Historic synagogues include synagogues that date back to ancient times and synagogues that represent the earliest Jewish presence in cities around the world. Some synagogues were destroyed and rebuilt several times on the same site. Others were converted into churches and mosques or used for other purposes.

The Old Synagogue in Erfurt, Germany, portions of which date from c. 1100
The Synagogue of Santa María la Blanca was built in Toledo, Spain in 1190.
The Old New Synagogue in Prague, Bohemia (Czech Republic), the oldest synagogue in continuous use, built around 1270, compares similarly with the Ramban synagogue in Safed, modern Israel.



Evidence of synagogues from the 3rd century BC was discovered on Elephantine island. The findings consist of two synagogue dedication inscription stones and a reference to a synagogue in a papyrus letter dated to 218 BC.[1][2]

The oldest synagogue building uncovered by archaeologists is the Delos Synagogue, a possibly Samaritan synagogue that dates from at 150 to 128 BC, or earlier, and is located on the island of Delos, Greece.[3][4] However, it is uncertain if the building is actually a synagogue and that designation is generally considered untenable.[5]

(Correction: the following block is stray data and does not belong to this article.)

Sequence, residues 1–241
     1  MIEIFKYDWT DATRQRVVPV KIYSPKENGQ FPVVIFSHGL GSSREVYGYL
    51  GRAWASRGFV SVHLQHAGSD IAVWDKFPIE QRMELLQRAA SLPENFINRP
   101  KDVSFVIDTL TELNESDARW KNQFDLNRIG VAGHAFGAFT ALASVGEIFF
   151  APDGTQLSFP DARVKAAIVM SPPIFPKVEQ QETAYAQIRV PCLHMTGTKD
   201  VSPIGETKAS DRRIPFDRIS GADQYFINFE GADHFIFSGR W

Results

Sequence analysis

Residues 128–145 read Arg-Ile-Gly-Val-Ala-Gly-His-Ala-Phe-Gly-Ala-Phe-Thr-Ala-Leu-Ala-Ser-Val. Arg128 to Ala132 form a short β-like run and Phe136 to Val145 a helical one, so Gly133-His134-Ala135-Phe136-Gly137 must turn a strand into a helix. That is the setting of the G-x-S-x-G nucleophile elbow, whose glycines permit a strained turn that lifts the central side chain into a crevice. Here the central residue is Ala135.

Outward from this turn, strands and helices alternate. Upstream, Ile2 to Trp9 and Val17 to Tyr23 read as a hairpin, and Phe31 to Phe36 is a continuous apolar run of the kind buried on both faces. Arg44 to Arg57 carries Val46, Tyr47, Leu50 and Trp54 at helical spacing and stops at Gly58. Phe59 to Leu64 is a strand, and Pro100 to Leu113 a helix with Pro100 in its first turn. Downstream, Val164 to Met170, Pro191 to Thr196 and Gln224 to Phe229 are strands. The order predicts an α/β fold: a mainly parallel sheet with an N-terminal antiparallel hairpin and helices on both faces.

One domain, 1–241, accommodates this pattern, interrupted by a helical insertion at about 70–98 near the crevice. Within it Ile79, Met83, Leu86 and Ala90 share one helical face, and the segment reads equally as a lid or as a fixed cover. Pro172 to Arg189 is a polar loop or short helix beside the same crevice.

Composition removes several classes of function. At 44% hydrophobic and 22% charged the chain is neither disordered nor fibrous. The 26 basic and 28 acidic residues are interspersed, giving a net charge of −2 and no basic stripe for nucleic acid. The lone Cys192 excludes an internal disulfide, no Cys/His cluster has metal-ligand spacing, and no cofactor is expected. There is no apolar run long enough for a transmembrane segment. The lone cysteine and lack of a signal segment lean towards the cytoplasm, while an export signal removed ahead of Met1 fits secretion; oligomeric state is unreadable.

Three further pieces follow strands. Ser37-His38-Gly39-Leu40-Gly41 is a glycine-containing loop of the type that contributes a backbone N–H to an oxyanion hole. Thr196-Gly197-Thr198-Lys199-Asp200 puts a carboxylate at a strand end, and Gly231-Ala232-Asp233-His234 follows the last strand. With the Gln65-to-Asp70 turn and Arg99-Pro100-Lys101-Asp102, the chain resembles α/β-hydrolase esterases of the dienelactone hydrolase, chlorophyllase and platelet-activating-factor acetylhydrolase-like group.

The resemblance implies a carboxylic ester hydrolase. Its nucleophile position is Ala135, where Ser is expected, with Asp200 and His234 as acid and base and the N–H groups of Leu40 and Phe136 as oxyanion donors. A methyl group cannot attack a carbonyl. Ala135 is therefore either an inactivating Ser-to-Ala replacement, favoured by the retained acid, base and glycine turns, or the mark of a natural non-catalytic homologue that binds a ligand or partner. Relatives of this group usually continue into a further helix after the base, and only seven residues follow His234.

The excavated Jericho synagogue has been cited as the oldest mainstream Jewish synagogue in the world, although identification of the remains as a synagogue is not certain. It was built between 70 and 50 BC as part of a royal winter palace complex near Jericho.[6]

El Ghriba Synagogue in Djerba, Tunisia is said to have been built in 586 BC or 70 AD, which would make it the oldest synagogue still standing and in continuous use in the world.[7][8] Two of the claimants to be the oldest synagogue structures still standing are the Old Synagogue in Erfurt, Germany, which was built c. 1100[9][10] and the Synagogue of Santa María la Blanca in Toledo, Spain, which was built in 1190. However, neither has been used as a synagogue for centuries.

The oldest active synagogue in Europe is the Old New Synagogue of Prague in the Czech Republic, built in the 1270s. The Ben Ezra Synagogue of Cairo is the longest-serving synagogue in the world, having continuously served as one from 1025 AD until the mid 20th century. Owing to the migration of nearly all of Egypt's Jews to Israel, the building is no longer used as a synagogue, but instead has been renovated and preserved as a museum.

By country





  • Synagogue of Tlemcen was built around 1392. When Rabbi Ephraim Alnaqua, a Spanish refugee who was the son of the author of Menorath HaMaor, settled in Agadir, he obtained permission for Jews to settle in the city of Tlemcen, where he built a synagogue.


  • Stone synagogue dedication inscriptions stones found in middle and lower Egypt (see above), and dating from the 3rd century BC, are the oldest synagogue fragments found anywhere in the World.





South Africa